R&D roundup – Sage impresses at JP Morgan
One of the biggest headline-grabbers at the 2019 JP Morgan Healthcare conference this week was Sage Therapeutics unveiling promising data from an up-rated phase III trial of its postpartum depression (PPD) drug SAGE-217, causing the company’s share price to surge by over 40%.
After two weeks of outpatient treatment, SAGE-217-treated women had an almost 18-point improvement on the Hamilton Depression Rating Scale (HAM-D), while those on placebo showed a 13.6% increase. Moreover, at the end of the treatment 45% of women on Sage’s drug were in remission, compared to 23% of the placebo arm.
It’s that rapidity of onset that is generating the excitement about SAGE-217, as the current antidepressant armamentarium can take weeks or even months to start working. Importantly, there were no reports of fainting (syncope) in the trial, alleviating earlier concerns that this could be an issue with the drug.
Sage is already waiting for the FDA to complete its review of GABAA modulator Zulresso (brexanolone), which is given as a 60-hour intravenous infusion and is intended to treat severe, acute cases of depression in hospital. If approved by the 19 March action date – which seems likely after an advisory committee voted overwhelmingly in favour of the drug last November – it will be the first drug specifically indicated for PPD in the US.
SAGE-217 has the same mechanism of action but can be given orally, potentially making it suitable for a much broader patient population. It has already picked up a breakthrough designation from the FDA, and last June the FDA confirmed Sage could file for PPD on the strength of a single phase II trial – the first time that this expedited route had been made available for an antidepressant.
In other conference news, Celltrion said that its main focus for 2019 would be the development of a subcutaneous version of its Remicade biosimilar CT-P13. Subcutaneous formulations provide patients with the opportunity to self-inject which can lead to enhanced convenience and time saving by allowing them to receive treatment at home.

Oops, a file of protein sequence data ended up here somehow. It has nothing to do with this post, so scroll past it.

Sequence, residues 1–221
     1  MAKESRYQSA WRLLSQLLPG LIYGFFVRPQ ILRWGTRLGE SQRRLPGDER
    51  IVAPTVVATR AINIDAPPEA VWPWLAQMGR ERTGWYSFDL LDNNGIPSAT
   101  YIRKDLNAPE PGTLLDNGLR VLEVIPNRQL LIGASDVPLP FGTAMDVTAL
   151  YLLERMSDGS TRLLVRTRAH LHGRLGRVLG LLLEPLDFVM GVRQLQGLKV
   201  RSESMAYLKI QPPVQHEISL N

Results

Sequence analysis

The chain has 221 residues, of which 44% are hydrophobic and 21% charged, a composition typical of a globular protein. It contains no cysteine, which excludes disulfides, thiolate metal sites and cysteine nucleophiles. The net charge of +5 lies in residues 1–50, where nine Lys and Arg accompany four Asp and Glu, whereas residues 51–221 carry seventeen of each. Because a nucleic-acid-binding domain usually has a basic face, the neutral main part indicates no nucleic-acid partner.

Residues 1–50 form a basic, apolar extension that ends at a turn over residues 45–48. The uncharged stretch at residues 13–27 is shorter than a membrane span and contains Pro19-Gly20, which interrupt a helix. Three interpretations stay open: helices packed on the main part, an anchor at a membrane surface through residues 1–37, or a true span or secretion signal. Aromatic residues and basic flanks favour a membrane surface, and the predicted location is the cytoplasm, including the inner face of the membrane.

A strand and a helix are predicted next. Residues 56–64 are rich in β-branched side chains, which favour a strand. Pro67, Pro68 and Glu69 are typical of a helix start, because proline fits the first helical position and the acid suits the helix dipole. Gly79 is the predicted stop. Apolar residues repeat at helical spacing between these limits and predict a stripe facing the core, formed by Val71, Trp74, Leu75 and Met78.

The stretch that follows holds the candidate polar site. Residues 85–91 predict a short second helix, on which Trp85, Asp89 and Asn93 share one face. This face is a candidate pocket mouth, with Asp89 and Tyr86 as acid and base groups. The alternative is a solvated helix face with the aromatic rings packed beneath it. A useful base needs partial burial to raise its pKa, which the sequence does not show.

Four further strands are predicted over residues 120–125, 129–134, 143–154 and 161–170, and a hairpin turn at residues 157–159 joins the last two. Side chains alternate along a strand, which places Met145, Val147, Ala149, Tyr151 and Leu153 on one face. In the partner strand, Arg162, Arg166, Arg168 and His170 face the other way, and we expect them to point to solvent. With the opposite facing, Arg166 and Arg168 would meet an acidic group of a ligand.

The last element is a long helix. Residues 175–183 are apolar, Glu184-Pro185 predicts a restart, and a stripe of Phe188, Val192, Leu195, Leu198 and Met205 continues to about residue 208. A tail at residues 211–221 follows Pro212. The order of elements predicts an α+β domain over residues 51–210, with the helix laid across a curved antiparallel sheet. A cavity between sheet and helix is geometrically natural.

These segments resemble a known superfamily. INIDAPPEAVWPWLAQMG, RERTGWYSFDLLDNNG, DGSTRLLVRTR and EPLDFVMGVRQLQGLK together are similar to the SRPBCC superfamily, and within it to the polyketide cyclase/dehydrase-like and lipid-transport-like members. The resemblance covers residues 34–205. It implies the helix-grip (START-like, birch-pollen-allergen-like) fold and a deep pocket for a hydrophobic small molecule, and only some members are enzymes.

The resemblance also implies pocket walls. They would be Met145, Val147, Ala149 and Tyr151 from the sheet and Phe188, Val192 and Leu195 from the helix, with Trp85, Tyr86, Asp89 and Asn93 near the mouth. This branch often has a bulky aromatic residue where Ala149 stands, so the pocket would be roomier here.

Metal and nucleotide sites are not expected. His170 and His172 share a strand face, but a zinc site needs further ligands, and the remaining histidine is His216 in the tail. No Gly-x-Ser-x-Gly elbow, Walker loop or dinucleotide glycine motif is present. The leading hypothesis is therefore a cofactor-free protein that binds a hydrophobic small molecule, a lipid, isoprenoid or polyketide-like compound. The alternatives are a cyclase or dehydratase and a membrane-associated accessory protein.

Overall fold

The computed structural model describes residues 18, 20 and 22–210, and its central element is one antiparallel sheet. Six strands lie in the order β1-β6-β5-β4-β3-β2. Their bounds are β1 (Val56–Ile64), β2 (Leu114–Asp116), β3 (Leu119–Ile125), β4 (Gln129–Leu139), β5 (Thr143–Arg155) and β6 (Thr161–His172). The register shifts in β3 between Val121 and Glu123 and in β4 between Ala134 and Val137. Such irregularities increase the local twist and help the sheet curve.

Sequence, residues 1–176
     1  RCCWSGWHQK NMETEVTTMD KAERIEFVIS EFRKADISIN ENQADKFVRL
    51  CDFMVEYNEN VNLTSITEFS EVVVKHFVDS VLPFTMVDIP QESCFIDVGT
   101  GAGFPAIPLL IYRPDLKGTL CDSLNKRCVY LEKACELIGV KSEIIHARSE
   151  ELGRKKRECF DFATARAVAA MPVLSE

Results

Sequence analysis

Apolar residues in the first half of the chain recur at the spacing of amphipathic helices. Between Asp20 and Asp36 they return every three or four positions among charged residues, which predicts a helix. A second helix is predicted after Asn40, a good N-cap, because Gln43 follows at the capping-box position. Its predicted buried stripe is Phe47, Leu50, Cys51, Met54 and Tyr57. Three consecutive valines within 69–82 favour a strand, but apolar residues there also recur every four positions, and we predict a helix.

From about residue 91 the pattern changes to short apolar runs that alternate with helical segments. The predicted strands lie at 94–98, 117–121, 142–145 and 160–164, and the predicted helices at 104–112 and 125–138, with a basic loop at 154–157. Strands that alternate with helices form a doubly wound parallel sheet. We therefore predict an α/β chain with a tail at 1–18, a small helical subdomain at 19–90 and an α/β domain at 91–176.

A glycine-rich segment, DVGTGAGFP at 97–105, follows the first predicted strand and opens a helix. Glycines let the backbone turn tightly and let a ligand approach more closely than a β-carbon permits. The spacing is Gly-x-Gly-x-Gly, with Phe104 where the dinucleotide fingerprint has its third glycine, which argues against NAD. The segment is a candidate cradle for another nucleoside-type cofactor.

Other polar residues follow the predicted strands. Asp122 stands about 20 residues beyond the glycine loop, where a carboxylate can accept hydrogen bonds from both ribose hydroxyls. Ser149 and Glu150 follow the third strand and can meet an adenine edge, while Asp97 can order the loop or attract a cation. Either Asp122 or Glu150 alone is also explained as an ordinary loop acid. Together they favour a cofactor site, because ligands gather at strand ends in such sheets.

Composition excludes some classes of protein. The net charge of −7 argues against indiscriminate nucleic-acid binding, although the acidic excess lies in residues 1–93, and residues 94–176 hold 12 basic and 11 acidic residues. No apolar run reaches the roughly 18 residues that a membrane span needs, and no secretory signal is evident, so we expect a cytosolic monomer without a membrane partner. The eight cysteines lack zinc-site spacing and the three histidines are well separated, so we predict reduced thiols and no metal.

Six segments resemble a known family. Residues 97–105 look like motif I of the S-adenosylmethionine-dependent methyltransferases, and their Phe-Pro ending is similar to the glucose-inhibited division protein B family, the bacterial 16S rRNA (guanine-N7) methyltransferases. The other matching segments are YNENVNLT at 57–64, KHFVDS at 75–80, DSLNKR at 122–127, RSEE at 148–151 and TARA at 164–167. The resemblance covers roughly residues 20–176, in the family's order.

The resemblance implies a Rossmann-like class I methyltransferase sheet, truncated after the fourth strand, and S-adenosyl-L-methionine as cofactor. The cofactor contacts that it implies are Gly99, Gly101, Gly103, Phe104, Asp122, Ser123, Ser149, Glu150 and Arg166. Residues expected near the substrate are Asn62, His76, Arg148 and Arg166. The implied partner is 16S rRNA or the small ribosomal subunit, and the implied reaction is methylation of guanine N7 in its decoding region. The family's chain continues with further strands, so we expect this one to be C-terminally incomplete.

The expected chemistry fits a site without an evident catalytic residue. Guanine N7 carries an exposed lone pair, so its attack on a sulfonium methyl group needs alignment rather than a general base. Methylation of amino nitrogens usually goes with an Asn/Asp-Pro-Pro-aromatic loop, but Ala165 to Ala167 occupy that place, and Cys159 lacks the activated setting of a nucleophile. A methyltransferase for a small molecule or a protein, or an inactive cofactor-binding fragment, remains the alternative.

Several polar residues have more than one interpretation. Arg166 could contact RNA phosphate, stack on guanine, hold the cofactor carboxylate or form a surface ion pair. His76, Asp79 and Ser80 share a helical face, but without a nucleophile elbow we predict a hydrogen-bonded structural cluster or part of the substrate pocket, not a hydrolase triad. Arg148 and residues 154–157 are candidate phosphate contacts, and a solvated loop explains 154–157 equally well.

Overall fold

The subcutaneous version of CT-P13 has been shown to be comparable to the intravenous (IV) version of CT-P13 in terms of pharmacokinetics, immunogenicity, efficacy and safety in patients with active rheumatoid arthritis and active Crohn’s disease patients for 30 weeks.
Meanwhile, Axsome Therapeutics announced that AXS-05 (45 mg dextromethorphan/105 mg bupropion), and its investigational NMDA receptor antagonist, met its primary endpoint and significantly improved symptoms in a phase II trial in major depressive disorder (MDD). The drug demonstrated a 17.2 point reduction in the Montgomery-Åsberg Depression Rating Scale (MADRS) total score compared to a 12.1 point reduction for comparator drug bupropion.
With news of Lilly’s $8 billion acquisition purchase of Loxo Oncology fresh in everyone’s minds, companies presenting at JP Morgan were divided on whether similar deals would be in consideration for them. GSK’s CEO Emma Walmsley said that her company will actively look to buy early-stage assets and partner; AbbVie and Gilead made similar comments – while Biogen played down the need for M&A.